The Italian political crisis has sparked fears about the fate of European banks. Market watchers are concerned that after years of austerity and shoring up capital the institutions are still weak, and failure to unify the region's disparate banking system will result in a financial crisis.
The Euro Stoxx Banks index is down 9.72 percent this week following Italian President Sergio Mattarella's move to block the formation of an anti-establishment government. This week, the country's two largest parties, the left-wing 5-Star Movement and the right-wing League, tried to appoint an anti-European Union politician as finance minister, but it was vetoed by the country's president, who then appointed a new euro-friendly prime minister.
Those two groups reached an agreement to form a new coalition government on Thursday in which the little-known economics professor from the University of Rome, Giovanni Tria, will be the Minister of Finance. The Italian President Mattarella approved the new cabinet, which will be sworn in on Friday.
Last week in Spain, the country's ruling party was found to have been involved in an illegal kickbacks scheme, while a former treasurer and close friend of the president was convicted of fraud and money laundering and sentenced to 33 years in prison. Spanish Prime Minister Mariano Rajoy on Friday became the first leader in Spain's modern democracy to lose a vote of no confidence in Parliament.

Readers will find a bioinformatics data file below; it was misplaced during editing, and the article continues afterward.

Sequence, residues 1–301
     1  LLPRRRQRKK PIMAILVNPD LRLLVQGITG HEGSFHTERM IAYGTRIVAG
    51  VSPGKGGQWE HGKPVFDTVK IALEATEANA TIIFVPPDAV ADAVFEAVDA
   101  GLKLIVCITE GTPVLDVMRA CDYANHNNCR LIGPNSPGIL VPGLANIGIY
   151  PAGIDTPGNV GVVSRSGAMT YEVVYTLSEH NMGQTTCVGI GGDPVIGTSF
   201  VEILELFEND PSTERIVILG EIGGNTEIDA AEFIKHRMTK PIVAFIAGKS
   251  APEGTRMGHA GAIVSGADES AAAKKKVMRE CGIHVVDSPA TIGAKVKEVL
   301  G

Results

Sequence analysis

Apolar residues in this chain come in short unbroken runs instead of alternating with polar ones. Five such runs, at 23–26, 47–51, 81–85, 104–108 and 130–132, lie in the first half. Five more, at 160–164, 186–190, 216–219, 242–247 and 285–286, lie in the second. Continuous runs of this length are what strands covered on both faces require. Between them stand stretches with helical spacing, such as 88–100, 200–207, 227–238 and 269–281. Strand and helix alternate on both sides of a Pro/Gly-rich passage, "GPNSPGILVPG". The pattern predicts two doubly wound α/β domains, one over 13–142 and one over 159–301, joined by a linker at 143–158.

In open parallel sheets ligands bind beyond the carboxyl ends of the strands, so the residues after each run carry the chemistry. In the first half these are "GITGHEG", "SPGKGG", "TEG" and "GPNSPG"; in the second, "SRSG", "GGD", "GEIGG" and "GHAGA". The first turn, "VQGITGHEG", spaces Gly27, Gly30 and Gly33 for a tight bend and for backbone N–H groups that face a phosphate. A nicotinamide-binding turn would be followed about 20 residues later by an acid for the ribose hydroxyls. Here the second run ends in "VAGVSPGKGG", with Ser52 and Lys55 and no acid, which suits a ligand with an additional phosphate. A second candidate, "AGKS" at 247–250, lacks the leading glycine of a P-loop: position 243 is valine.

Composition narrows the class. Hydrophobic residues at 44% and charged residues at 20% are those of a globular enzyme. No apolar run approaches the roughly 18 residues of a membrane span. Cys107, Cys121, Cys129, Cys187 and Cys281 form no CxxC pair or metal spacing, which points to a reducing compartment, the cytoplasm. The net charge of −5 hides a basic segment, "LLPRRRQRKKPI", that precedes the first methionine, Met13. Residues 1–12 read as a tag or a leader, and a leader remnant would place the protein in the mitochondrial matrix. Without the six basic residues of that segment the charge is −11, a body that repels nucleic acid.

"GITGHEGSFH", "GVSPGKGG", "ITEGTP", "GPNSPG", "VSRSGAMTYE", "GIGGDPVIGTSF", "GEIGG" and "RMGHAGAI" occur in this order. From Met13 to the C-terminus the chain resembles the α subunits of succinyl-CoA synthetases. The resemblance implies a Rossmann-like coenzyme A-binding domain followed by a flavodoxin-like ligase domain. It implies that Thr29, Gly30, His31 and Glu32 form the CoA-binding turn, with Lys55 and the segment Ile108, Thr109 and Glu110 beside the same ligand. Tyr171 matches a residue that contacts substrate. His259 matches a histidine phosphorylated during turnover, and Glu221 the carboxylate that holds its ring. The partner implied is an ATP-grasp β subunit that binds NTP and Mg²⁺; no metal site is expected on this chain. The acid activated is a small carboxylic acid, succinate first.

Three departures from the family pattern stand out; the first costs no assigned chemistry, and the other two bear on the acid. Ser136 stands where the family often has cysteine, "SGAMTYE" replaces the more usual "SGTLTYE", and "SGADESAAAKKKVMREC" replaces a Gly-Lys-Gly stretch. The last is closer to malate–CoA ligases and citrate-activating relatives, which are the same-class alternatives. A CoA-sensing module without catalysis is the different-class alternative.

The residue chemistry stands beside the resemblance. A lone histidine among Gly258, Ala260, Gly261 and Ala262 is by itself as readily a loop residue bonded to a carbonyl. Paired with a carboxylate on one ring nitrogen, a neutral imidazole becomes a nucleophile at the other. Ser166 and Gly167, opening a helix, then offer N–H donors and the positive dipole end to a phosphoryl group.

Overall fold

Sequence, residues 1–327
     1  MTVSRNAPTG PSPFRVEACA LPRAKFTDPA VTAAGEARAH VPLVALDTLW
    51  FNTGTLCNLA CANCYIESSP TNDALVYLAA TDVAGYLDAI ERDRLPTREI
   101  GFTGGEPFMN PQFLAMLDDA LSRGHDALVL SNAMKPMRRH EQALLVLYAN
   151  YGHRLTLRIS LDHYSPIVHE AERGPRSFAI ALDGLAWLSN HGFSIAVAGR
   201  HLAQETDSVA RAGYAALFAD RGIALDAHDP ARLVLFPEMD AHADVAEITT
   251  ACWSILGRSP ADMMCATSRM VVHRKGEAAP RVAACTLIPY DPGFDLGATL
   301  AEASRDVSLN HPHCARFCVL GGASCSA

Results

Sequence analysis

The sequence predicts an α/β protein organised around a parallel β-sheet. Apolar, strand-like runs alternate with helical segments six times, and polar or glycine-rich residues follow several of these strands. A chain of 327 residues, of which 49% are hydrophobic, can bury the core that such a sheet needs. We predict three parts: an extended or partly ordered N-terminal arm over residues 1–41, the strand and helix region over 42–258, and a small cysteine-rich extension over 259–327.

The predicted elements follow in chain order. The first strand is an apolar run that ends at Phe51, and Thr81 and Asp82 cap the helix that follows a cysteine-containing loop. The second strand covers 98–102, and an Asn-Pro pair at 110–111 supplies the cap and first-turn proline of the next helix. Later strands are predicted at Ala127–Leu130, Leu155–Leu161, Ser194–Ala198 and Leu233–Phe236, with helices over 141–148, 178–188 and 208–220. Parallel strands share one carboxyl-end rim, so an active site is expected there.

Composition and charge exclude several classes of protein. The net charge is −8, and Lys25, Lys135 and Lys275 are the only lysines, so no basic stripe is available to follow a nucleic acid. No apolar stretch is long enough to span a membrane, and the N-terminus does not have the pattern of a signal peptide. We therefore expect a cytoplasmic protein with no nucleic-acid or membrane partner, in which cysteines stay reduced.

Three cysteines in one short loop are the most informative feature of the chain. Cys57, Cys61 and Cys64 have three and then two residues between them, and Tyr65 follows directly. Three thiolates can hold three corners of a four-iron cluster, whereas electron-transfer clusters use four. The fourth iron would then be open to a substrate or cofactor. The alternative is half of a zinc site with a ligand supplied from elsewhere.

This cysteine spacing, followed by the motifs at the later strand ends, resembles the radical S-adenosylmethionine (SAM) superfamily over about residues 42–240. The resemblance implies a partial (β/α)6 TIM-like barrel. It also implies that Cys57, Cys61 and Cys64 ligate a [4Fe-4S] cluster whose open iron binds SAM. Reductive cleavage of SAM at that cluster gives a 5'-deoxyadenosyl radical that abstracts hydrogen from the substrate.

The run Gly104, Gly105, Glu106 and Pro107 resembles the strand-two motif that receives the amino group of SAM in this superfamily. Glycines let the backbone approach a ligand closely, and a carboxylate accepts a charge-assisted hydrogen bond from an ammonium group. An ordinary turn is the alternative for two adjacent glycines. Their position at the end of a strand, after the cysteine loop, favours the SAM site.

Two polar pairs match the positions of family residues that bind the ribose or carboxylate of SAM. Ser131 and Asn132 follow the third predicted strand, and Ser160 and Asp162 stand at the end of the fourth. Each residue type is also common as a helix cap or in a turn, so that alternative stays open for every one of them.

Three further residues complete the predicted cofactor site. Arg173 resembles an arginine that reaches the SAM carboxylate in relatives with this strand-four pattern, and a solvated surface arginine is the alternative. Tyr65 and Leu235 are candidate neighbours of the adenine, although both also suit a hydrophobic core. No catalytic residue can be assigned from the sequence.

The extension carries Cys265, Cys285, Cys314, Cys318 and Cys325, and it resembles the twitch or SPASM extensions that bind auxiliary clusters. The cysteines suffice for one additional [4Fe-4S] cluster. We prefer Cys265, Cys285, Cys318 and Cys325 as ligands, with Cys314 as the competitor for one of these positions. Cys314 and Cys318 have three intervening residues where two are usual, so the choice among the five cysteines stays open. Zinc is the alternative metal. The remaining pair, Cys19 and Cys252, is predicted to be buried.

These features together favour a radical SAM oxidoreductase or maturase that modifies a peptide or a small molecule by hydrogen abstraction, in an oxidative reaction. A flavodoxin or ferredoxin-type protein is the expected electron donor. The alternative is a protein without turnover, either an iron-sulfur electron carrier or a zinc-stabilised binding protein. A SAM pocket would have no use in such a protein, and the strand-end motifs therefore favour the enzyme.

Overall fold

While both countries' issues contributed to the recent market turmoil — the S&P 500 is down slightly and the MSCI Europe Financials (EUFN) has fallen by 5 percent in the past week, through May 30 — Italy's issues are far more damaging to the EU's future. Both 5-Star and League want to leave the euro zone, even though they're on opposite ends of the political divide. While a majority of Italian citizens want to say in the EU, with both parties running on anti-union mandates, and receiving large portions of the March vote, an EU exit is certainly a possibility.
A health check on European banks tells the story. While these institutions appear to be in a more stable position than they were in 2016, they still suffer from undercapitalization, the burden of non-performing loans and low profitability.
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A huge balance sheet cleanup remains unfinished with $938 billion of bad loans —a large portion in Italy — still sitting on bank balance sheets, according to the European Banking Authority. That's because institutions are still laden with government debt and their capital buffers are not sufficient to tackle the problem.
Hopes were that European bank fortunes would greatly improve this year thanks to overhauls by the European Central Bank and rising interest rates. But now political winds have shifted.